Hostels under legislation microscope after tragic fire in Rīga

Take note – story published 3 years and 1 month ago

Following the tragic fire at an illegal hostel on Merķeļa Street in Riga, a working group will be formed at the Economics Ministry (EM) to improve the regulatory framework in an effort to ensure no repeat cases could happen, Saeima deputies agreed May 5.

As reported earlier by LSM, the illegal business had been frequently visited by police for various reasons, and fire safety checks in the establishment had not been carried out. State Police are continuing to raid other illegal accommodation sites and are investigating the cause of the fire. The current penalty system doesn't do enough to make landlords stop illegal activity, and authorities do not have the power to close them down.

"The municipal police have no legal instrument to close any institution except if it is a sales venue that does not respect Covid-19 restrictions. But if we find a fire safety infringement, we can notify the responsible authority," police representative Andrejs Aronovs explained.

The illegality of the business was also known to the Riga City Building Board, which has the right to close it. But it was difficult since there are no differences in law between an apartment and a hostel.

“It is not possible to identify the exact violation with a checkbox,” said Jānis Belkovskis, representative of the board.

“It would be important to reinforce in the regulatory enactments - where an apartment ends and a hostel starts because this is not a classic hotel. The second thing, why nothing was closed physically - to decide on a physical closure, [the hostel] must be identified and demonstrated as a threat to society. Under the circumstances, the building inspectors have no confidence that their decision will not be revoked. Because it's an apartment where people live,” Belkovskis said.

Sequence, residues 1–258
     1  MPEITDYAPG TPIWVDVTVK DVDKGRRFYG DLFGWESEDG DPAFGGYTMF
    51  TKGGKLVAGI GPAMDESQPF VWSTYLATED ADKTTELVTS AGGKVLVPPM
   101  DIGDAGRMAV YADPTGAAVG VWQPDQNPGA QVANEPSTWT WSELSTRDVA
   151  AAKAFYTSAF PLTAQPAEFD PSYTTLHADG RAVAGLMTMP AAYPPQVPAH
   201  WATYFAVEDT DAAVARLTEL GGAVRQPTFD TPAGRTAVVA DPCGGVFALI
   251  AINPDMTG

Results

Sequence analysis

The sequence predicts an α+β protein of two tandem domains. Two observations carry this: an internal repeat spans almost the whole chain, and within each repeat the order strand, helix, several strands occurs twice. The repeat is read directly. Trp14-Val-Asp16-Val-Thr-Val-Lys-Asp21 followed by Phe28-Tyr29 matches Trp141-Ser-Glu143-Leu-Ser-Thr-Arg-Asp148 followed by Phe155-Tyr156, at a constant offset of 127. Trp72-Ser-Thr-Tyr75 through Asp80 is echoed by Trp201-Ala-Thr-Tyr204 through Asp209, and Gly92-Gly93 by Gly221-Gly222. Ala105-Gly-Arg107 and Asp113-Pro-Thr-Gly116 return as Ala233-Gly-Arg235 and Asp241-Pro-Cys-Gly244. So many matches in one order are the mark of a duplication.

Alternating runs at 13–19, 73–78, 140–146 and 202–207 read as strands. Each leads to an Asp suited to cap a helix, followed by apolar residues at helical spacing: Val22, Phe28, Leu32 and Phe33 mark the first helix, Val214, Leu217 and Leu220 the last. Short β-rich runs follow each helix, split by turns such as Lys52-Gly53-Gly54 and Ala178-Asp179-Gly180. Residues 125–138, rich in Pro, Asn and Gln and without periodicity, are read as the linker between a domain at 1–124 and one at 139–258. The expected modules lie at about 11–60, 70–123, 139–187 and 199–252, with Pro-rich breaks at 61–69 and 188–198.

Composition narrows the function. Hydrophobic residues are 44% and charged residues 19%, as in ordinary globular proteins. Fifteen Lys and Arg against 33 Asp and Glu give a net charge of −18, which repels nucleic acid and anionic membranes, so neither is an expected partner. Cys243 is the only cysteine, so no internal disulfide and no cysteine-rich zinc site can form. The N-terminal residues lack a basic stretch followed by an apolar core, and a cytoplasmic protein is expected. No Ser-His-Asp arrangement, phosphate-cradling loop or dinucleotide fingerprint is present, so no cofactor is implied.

Meanwhile, the Construction State Control Office drew attention to the problem as a whole: premises are intended to be operated for one purpose, but in reality they are used for another, thereby endangering the safety of people.

In such cases, the owner may be required to cease operations, but the current penalty system does not encourage it, said Svetlana Mjakuškina, head of the office.

“The problem that is becoming clear in the case of Merķeļa Street - what to do if the decision [to close a business] is ignored? I call to think about additional rights for supervisory authorities to limit or disrupt the operation of an unsafe building,” said Mjakuškina.

Amendments are needed to both the Tourism and Construction Laws. "'We should not allow a repeat of such a tragedy simply because there are rules in law that prevent any service from performing the functions prescribed. It is an absurd situation,” said Committee Chair Ralfs Nemiro.

“As often happens in our country: one service looks at the other service – they should decide, no they should decide, no, it is them. In the end, no decision is taken and unauthorized, illegal activity is continuing and can even end in such a tragic way,“ said Prime Minister Krišjānis Kariņš.

The Prime Minister has also addressed and instructed ministers to make proposals to the government on what should be changed in regulatory enactments and procedures.


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